Plymouth resident Nikki Packard, a long-time creative designer, quit the corporate world and reinvented herself as a mural painter.

This is part of an occasional series of short “as told to” profiles by Plymouth resident Carl Mastandrea, who describes himself as a “photographer, teacher, and storyteller.” It has been edited for clarity and length.

I grew up in Manomet and I lived in Plymouth pretty much my whole life.  I think I’ve always been creative. My whole family is creative. My dad sings and plays guitar and harmonica. My mother was a painter. I was always really good at art. It just came naturally, and it was something that I always liked.

I was the first one in our family, in my generation, to go to college. I went to art school at UMass Dartmouth. I wanted to stay in the art field when I graduated and to make a living at it. I moved out to California because I wanted to work in the music industry or be an actress and do all that fun stuff. It never panned out, but I did stay in the art field. I made my living doing freelance design in either product development or children’s artwork. For years and years, I designed giftware, and I did a lot of illustration.

I came back home in 2007 when my mom got sick, and I’ve been back ever since. In 2008, I got a job at TJX doing product development. I got to travel the world. I got to go to India, China, and Taiwan, and all these crazy places. I got to see my drawings come to life. But that life is not for an artist. It’s very corporate. I got burnt out, so I left.

Two years ago, I started muraling. It’s very weird. I started following these girls on TikTok, which is so silly, but these two young girls were artists, and they didn’t really know what to do with that. One of them ended up doing a mural for her friend for free on her friend’s fence and it turned into a business.

The mural Nikki Packard created at Rock Bottom Seafood in Manomet. Credit: (Photo by Carl Mastandrea)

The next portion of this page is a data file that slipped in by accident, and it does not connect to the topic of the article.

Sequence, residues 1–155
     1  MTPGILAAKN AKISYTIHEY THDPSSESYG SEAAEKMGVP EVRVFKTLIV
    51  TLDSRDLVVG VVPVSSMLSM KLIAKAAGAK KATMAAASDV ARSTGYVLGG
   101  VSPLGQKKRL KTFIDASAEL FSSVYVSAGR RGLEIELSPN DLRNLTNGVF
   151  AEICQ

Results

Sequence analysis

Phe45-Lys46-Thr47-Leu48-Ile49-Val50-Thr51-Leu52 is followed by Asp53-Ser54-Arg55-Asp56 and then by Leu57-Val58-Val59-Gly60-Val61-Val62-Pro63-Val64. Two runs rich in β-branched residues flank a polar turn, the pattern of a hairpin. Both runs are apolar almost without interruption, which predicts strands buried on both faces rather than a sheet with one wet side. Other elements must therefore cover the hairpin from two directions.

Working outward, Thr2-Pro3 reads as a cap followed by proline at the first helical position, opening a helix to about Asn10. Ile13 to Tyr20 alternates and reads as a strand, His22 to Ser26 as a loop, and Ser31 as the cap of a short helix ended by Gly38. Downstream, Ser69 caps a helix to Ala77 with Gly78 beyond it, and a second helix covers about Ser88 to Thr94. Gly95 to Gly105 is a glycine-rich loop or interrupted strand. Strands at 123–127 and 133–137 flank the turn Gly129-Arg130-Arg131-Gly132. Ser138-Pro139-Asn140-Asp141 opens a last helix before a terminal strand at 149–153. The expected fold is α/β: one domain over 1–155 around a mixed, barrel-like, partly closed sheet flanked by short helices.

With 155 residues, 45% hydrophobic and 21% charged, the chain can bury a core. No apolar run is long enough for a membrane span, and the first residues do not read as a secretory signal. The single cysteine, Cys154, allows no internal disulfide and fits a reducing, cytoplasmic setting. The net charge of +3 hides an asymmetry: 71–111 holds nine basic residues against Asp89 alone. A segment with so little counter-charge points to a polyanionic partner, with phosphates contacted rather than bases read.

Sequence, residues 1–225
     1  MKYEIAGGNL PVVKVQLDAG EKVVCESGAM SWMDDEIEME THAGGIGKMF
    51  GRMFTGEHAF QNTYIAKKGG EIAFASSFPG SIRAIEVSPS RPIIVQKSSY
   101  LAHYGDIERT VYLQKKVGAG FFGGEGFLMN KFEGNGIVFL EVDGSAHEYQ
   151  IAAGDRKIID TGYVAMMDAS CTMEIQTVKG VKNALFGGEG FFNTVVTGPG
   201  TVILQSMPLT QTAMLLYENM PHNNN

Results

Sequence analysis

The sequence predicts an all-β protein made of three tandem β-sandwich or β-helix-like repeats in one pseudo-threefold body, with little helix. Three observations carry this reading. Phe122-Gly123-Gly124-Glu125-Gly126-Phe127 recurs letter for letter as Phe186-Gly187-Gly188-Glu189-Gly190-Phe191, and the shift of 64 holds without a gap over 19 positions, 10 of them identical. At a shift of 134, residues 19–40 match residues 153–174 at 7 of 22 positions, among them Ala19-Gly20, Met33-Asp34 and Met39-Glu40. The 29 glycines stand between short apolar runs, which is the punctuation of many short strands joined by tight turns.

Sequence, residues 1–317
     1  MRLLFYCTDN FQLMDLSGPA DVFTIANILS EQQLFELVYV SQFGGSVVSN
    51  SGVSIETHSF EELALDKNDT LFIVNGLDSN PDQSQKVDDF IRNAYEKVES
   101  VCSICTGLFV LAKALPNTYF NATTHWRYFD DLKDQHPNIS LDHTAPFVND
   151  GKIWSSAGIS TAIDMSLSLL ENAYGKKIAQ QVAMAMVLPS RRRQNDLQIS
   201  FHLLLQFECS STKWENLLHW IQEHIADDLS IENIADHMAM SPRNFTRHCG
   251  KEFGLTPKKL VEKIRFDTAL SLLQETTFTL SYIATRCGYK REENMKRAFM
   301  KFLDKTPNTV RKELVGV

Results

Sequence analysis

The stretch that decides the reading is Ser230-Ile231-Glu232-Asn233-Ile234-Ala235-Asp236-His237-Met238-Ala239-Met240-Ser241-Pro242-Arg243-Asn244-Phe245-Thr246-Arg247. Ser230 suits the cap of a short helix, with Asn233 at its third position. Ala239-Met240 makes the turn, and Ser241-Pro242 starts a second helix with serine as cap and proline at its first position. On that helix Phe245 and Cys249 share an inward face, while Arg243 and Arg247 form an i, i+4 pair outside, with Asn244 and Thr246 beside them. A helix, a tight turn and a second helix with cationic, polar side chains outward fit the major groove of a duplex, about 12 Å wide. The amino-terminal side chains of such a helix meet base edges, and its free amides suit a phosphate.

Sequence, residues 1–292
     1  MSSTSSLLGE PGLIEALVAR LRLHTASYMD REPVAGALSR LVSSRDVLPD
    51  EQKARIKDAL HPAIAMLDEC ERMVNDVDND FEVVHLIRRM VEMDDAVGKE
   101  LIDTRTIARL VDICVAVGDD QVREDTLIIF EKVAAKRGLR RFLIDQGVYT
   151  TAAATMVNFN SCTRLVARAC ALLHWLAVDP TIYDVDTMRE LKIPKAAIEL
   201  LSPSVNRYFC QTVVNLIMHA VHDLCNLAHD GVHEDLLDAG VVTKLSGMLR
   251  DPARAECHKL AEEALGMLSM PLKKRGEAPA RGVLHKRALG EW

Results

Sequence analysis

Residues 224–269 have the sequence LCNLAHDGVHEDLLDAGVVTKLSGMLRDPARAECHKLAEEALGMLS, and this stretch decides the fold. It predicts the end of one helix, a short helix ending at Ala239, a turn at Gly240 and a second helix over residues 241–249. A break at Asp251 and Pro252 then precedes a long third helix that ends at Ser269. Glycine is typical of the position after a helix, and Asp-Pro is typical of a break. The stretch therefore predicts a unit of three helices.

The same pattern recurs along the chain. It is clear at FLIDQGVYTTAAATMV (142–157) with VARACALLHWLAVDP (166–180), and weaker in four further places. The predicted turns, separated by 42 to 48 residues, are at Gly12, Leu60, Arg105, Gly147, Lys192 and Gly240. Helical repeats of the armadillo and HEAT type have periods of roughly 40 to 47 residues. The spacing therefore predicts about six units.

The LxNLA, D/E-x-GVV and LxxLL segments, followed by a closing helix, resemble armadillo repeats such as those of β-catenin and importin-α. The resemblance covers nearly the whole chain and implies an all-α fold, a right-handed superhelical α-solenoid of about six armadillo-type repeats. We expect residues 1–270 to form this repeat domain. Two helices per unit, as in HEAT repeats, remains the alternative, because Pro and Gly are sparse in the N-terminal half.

I was like, “You know what? I can do that. I’ve never done it before in my life, but why not? What’s the difference between a canvas and a 40-foot storage container?” So I just started putting my name out there on Facebook. Rock Bottom Seafood called me up and asked if I wanted to paint their wall. I said sure. I went down there, and I saw the size of the wall and it was a mess. It was stucco and it was huge. But I did it.  Five murals later and here I am.

Tools of the trade for Nikki Packard. Credit: (Photo by Carl Mastandrea)

So right now, I’m definitely in my happy place. I’m doing this mural for Three Harts Farm and the Nathan Hale Veterans Activity Center founded by Chris Hart. I really do love what I do and the goal is to make this my full-time job. I’m looking for more work. I love working and collaborating with my clients and giving them something they love. I love seeing their reactions when they see the finished piece. It’s pretty cool!

I’ve always loved Plymouth. There’s something about Plymouth that I’ve never experienced anywhere else, and I have been all over the world from Bali to India. There’s a magnetic pull for me. I don’t know what that is either, but the universe keeps pulling me back here for some reason. I’m an Aquarius. I’m a water person. I’ve always been around water, no matter where I ended up, whether it was in California or here. There’s something rejuvenating about it that gives you energy and creativity and it’s inspiring.

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